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New Book:  “CUNY’s First Fifty Years:  Triumphs and Ordeals of a People’s University”!

Dear Commons Community,

A new book about the City University of New York entitled, CUNY’s First Fifty Years:  Triumphs and Ordeals of a People’s Universityauthored by yours truly and Chet Jordan, has just been published. Chet is on the faculty of Guttman Community College, and is a doctoral student at the CUNY Graduate Center conducting research on student experiences at CUNY community colleges.  The idea for the book first came to me in 2012 when I taught a seminar commemorating the 50th Anniversary of the founding of CUNY.  I have since taught several seminars on higher education drawing frequently on CUNY’s history for examples.  The material from these seminars helped form the foundation for the first half of this book while Chet’s research provided important insights for the second half.  Co-authoring this book represents a unique collaboration between two colleagues who bring very different perspectives about and associations with CUNY to the table including the old and the new; the senior versus the community college experience; as well as different perspectives regarding CUNY administration, faculty, and students.  It needs to be emphasized that this is not an all-encompassing history of CUNY.  Such a book would require volumes.  Instead, it is a character sketch of our great institution, one that has not been done in the recent past.

The purpose of the book, more specifically, is to present the story of the City University of New York, established officially in 1961, as it navigates through a continual series of ups and downs as do other public university systems in the country. From its inception to the present, CUNY has served as a pawn in New York politics with mayors, governors, legislators, and community groups using it to further social, political and economic objectives. Chancellors, presidents, and governing boards have balanced these outside pressures with the education goals and objectives of their colleges and university as best they could.  Our book depicts the interaction of these political and educational influences, dimensions, and entwinements that have come to characterize much of the history of the City University of New York.

If you are at all interested in the “people’s university” that has given so many the opportunity for a higher education, you might find this book a good read.  Below is an excerpt.

Tony

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From Chapter One

In May 1965, freshmen orientation was held in the auditorium of Gillet Hall at Hunter College in the Bronx.  Gillet Hall was one of four Gothic-style buildings that framed a campus lined with old oak trees, green spaces, playing fields, and red-clay tennis courts.  The orientation was presided over by several deans and administrators, faculty and student government leaders, all of whom were white.  The incoming class was for the most part also white.  The women wore skirts and blouses while many of the men wore “Joe college” sweaters with a stripe or two on the arms.  Speaker after speaker reminded the audience how fortunate they were to be admitted to the College.  The audience, in fact, did represent a select group of students who had to have graduated in the top ten percent of their high school class in order to be admitted to the tuition-free College.  Similar scenarios were being played out at City College, Brooklyn College, Queens College, and Hunter College downtown all of which comprised the senior colleges of the City University of New York (CUNY).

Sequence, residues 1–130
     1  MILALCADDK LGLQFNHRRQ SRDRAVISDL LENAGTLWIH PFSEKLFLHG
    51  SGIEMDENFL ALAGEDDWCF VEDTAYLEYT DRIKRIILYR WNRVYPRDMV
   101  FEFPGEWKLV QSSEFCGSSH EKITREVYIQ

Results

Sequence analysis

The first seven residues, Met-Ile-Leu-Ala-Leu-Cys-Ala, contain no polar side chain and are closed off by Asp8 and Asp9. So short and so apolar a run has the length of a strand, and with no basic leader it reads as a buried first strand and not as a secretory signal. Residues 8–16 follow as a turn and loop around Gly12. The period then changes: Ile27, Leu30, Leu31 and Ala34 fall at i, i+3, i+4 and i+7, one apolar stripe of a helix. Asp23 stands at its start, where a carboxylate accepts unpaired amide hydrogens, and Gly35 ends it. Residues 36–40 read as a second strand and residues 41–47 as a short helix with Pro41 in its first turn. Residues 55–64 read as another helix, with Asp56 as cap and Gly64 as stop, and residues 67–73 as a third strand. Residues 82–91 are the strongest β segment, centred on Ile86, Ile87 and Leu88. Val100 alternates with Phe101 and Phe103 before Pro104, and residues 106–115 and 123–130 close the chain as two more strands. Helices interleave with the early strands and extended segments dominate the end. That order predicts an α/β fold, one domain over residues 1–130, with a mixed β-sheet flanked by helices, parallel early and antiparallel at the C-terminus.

The Dean of Academic Standards at the orientation warned the incoming students that they would have to work hard to maintain their academic standing if they wanted to graduate in four years.  She also invoked the traditional scare to look to your right and to look to your left and that one of you would not be here one year from now.  While it was meant as a tactic, the fact was that many of these students would likely fail out in their first year, such was the rigor of the academic program in the pre-grade inflation days of American higher education.  This was especially the case at CUNY colleges where tuition did not provide the funding for the academic programs and where there was no reason to keep underachieving students enrolled. To the contrary, faculty maintained very high grading standards and were not at all timid about giving students Cs, Ds, and Fs.

The speakers described the academic program spending time clarifying the general education requirements of sixty-plus credits.  They also commented that, in their sophomore year, students should start thinking about their majors, which they would have to declare no later than the first semester of their junior year.  After the formal part of the orientation ended, cookies, coffee, tea and fruit juice were provided while several musicians played popular tunes of the time.  There were one or two Bob Dylan songs that portended that the times were a-changing. Interestingly, no one in the audience, not the administrators, faculty, or students foresaw the changes that would be coming.  Everything that was being described by the speakers would be completely repainted if not turned upside down in the near future.  By 1970, open admissions would replace selective admissions.  By 1975, CUNY’s free tuition policy would be eliminated. By 1979, the entire governing structure would be recast.

 

 

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